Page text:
Hair is a better source of ancient DNA than bone or muscle, a new study involving woolly mammoth hair suggests.
"The main problem with things like bone is that it contains real from the source, but also a load of DNA that is undesirable," said study team member Tom Gilbert of the University of Copenhagen. "For example, when a mammoth dies and the body starts putrefying, bacteria gets all throughout the body. Later, as it's buried in the ground, soil bacteria get into it."
Contamination from bacteria DNA generally make up 50 to more than 90 percent of the raw DNA extracted from the bone and muscles of ancient specimens, Gilbert said. In contrast, more than 90 percent of the DNA extracted from hairs taken from woolly mammoth specimens in the new study belonged to the extinct mega-mammals themselves.
"The quality of the DNA was fantastic," Gilbert told LiveScience. "It was way better than we ever imagined. There's both mitochondrial and nuclear DNA in there."
The finding, detailed in the Sept. 28 issue of the journal Science, could simplify DNA extraction in taxonomy, forensics, anthropology, paleontology and other fields. It could also help overcome one of the major hurdles involved in potential attempts to clone extinct animals.
Years to weeks
The researchers obtained hair from 10 discovered in northern Siberia and that ranged in age from 50,000 to 12,000 years old. One of the samples came from the famous Adams mammoth discovered in 1799 and stored in a Russian museum for 200 years at room temperature — far from ideal conditions for DNA preservation.
Before this study, only seven mitochondrial genomes from extinct animals had been published: four from ancient birds, two from mammoths and one from a mastodon. Mitochondria are the energy power houses of cells and carry their own separate DNA for reproduction.
"They all represented a lot of work, years of work," Gilbert said. "Our method showed that in less than a week, you can get 10 of them."
The amount of mammoth hair used in the study ranged from 0.2 to 5 grams, but the team believes that even smaller samples could be used.
"It's not inconceivable that in the very near future, you can get away with just a couple of hair shafts or even just one hair shaft," Gilbert said.
The secret to hair's protective powers lies in keratin, the protein that hair is made of. "We realized that the keratin in hair could protect the DNA it contains from outside influences, and hence from the sorts of degradation that affect DNA in other parts of the body, such as bone," Gilbert said.
Hair is also easier to rid of bacterial DNA. Washing hair in a solution that kills and washes off external DNA still preserves the genetic material within, the researchers found.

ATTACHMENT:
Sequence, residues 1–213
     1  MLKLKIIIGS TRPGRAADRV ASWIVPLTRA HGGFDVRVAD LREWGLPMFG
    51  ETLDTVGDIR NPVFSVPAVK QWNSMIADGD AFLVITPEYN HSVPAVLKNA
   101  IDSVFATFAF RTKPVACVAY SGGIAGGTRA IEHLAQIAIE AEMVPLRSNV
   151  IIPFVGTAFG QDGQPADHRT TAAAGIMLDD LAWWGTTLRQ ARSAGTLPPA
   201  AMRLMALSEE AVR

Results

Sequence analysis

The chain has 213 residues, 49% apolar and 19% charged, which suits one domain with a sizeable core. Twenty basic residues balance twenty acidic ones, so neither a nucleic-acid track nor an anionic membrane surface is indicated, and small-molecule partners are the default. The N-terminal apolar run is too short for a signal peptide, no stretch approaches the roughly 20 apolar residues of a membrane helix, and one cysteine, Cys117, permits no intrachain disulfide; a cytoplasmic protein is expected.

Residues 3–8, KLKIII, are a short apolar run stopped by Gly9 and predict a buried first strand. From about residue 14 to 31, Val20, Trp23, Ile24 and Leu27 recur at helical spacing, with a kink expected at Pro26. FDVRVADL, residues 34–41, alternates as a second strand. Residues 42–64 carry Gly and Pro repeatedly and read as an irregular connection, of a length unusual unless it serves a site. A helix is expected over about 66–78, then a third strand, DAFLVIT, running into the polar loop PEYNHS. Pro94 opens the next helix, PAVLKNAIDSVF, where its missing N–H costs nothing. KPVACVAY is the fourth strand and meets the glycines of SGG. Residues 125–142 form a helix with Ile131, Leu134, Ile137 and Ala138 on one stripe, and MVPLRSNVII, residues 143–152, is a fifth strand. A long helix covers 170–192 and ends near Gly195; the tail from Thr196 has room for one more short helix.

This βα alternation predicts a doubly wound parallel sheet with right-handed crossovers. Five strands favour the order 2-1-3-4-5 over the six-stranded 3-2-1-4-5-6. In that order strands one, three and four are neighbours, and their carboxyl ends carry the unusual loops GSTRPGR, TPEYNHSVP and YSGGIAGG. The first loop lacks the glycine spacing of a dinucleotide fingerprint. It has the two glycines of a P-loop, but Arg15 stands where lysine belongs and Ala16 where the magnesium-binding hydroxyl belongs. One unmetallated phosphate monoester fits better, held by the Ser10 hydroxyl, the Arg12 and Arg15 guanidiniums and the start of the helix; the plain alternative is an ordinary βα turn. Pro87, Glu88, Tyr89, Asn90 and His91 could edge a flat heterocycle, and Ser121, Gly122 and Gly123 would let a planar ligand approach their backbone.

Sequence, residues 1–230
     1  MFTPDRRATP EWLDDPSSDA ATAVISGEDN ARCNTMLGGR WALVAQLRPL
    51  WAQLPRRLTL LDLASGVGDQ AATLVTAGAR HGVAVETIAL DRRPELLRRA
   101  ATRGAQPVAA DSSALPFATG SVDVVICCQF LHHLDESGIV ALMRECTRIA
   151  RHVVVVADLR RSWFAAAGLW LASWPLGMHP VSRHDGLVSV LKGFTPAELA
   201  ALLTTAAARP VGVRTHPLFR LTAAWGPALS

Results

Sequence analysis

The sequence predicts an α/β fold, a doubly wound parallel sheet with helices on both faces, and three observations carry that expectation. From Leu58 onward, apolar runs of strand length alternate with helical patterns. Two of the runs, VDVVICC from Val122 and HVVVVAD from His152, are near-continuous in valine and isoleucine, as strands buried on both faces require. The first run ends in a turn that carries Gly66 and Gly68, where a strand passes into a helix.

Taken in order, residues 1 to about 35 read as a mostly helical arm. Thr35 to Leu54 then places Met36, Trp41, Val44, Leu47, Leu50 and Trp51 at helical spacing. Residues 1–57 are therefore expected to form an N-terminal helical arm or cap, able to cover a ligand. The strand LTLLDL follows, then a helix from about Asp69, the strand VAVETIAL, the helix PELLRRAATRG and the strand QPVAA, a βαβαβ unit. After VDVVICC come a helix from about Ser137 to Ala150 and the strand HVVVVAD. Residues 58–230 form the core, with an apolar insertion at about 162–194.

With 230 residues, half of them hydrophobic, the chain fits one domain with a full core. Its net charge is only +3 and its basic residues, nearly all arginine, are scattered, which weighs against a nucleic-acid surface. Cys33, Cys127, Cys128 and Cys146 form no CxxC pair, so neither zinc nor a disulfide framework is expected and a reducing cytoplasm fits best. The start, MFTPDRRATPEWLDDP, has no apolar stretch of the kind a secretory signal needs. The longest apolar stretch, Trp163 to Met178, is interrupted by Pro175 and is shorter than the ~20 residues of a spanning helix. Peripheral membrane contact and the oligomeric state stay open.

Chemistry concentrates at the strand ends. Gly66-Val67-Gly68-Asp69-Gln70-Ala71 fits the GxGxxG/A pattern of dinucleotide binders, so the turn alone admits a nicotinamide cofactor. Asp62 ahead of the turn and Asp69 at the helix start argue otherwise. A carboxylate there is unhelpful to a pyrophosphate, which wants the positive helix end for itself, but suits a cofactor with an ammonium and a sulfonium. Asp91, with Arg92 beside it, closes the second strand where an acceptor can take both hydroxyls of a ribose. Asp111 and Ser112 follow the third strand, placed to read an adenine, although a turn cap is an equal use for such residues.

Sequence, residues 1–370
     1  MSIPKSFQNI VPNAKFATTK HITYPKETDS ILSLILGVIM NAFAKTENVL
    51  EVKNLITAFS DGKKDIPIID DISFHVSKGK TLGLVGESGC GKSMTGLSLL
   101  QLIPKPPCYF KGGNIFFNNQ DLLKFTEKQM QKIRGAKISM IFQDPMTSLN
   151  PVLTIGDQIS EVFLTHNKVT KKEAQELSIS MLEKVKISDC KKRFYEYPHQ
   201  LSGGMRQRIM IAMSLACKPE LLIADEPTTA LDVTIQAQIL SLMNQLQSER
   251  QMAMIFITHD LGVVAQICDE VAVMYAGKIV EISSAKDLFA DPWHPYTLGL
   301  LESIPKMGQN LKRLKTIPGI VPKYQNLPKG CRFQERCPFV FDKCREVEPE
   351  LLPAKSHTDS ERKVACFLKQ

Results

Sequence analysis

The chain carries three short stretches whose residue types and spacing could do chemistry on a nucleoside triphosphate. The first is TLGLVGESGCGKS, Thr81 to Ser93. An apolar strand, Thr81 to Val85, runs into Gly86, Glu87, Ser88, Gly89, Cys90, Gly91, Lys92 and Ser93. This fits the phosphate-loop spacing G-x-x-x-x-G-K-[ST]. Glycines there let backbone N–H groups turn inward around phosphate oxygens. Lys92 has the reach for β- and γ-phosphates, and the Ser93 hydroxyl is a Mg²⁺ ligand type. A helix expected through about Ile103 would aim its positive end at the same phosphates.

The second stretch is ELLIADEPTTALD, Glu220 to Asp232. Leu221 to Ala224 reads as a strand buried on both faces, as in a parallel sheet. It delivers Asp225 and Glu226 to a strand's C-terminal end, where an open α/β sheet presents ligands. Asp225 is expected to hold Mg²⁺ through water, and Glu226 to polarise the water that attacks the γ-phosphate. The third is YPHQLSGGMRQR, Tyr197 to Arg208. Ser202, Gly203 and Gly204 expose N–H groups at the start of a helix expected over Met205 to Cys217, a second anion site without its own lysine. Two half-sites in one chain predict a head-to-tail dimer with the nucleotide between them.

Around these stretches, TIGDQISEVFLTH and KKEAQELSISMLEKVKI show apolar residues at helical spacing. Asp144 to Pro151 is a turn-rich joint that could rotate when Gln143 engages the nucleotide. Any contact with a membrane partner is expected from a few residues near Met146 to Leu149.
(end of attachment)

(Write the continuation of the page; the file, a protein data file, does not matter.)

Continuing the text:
While it might seem counterintuitive that hair provides more protection for DNA than bone, "that's because a lot of people don't realize quite what bone is," Gilbert said. "Bone is really, really spongy. It's really full of air."
Fresh bone is about 8 percent air, while old bones might contain up to 50 percent air, Gilbert said. "What that means is that if you dump [bone] in soil and there's a lot of water around, the water will rush right in and carry bacteria into it," he said. "Hair, on the other hand, has this hydrophobic keratin. Water stays out of it."
The new study overturns previous assumptions about where in hair DNA could be harvested. "When people thought of sequencing DNA from hair, the usual assumption was that the material must come from the hair root, which contains recognizable cells, because the hair shaft appears to be dead," said study team member Webb Miller of Pennsylvania State University.
But the researchers found that a hair shaft encases DNA in a kind of "biologic plastic." Protected, the DNA can better resist damage from the elements and contamination from bacteria.
Keratin is also the primary component of nails and horns, so it's possible pristine DNA could be extracted from these other body parts as well, Gilbert said.
Implications for cloning
The team suspects their method will work best for hair samples preserved in museums or in very cold climates.
"Permafrost is great. Mummies from the Andes, Greenland or places in North Canada—they'll be great," Gilbert said. "Egypt, we're not so hopeful. There is hair on some Egyptian mummies, but it's very hot in Egypt. The way DNA breaks down is very heat dependent. Hair might survive the heat, but DNA won't always."
Hair might also be the key to future attempts at extinct animals, Gilbert said. "It provides the basic ingredient upon which you can start," he said. "To do cloning, what you've got to do is first recover the genome, and secondly, you have to somehow get life to start using the genome. That's the tricky bit. Our method makes the first part a lot more trivial than it used to be. It's just a matter of time and money now."